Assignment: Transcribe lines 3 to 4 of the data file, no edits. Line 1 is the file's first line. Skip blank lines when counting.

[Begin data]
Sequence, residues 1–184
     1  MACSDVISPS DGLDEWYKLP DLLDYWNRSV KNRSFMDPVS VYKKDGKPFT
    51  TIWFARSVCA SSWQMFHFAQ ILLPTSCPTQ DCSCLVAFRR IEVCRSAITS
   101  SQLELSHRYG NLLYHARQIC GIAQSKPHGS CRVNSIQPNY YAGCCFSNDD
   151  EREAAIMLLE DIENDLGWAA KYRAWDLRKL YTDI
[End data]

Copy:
    51  TIWFARSVCA SSWQMFHFAQ ILLPTSCPTQ DCSCLVAFRR IEVCRSAITS
   101  SQLELSHRYG NLLYHARQIC GIAQSKPHGS CRVNSIQPNY YAGCCFSNDD